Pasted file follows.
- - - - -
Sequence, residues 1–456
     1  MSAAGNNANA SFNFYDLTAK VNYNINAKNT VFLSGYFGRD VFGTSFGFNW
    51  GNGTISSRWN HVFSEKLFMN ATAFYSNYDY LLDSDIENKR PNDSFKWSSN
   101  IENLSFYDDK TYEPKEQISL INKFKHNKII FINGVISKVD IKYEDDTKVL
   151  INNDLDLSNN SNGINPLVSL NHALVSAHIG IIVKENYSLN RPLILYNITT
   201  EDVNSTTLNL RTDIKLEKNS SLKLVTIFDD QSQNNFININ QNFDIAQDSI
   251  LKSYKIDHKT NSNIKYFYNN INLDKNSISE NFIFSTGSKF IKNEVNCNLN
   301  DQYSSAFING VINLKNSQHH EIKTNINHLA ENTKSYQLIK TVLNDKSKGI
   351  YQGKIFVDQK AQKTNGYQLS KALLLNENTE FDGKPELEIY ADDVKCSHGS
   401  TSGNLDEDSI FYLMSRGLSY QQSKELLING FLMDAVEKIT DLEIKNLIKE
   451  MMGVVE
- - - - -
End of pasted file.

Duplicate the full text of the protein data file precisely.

Sequence, residues 1–456
     1  MSAAGNNANA SFNFYDLTAK VNYNINAKNT VFLSGYFGRD VFGTSFGFNW
    51  GNGTISSRWN HVFSEKLFMN ATAFYSNYDY LLDSDIENKR PNDSFKWSSN
   101  IENLSFYDDK TYEPKEQISL INKFKHNKII FINGVISKVD IKYEDDTKVL
   151  INNDLDLSNN SNGINPLVSL NHALVSAHIG IIVKENYSLN RPLILYNITT
   201  EDVNSTTLNL RTDIKLEKNS SLKLVTIFDD QSQNNFININ QNFDIAQDSI
   251  LKSYKIDHKT NSNIKYFYNN INLDKNSISE NFIFSTGSKF IKNEVNCNLN
   301  DQYSSAFING VINLKNSQHH EIKTNINHLA ENTKSYQLIK TVLNDKSKGI
   351  YQGKIFVDQK AQKTNGYQLS KALLLNENTE FDGKPELEIY ADDVKCSHGS
   401  TSGNLDEDSI FYLMSRGLSY QQSKELLING FLMDAVEKIT DLEIKNLIKE
   451  MMGVVE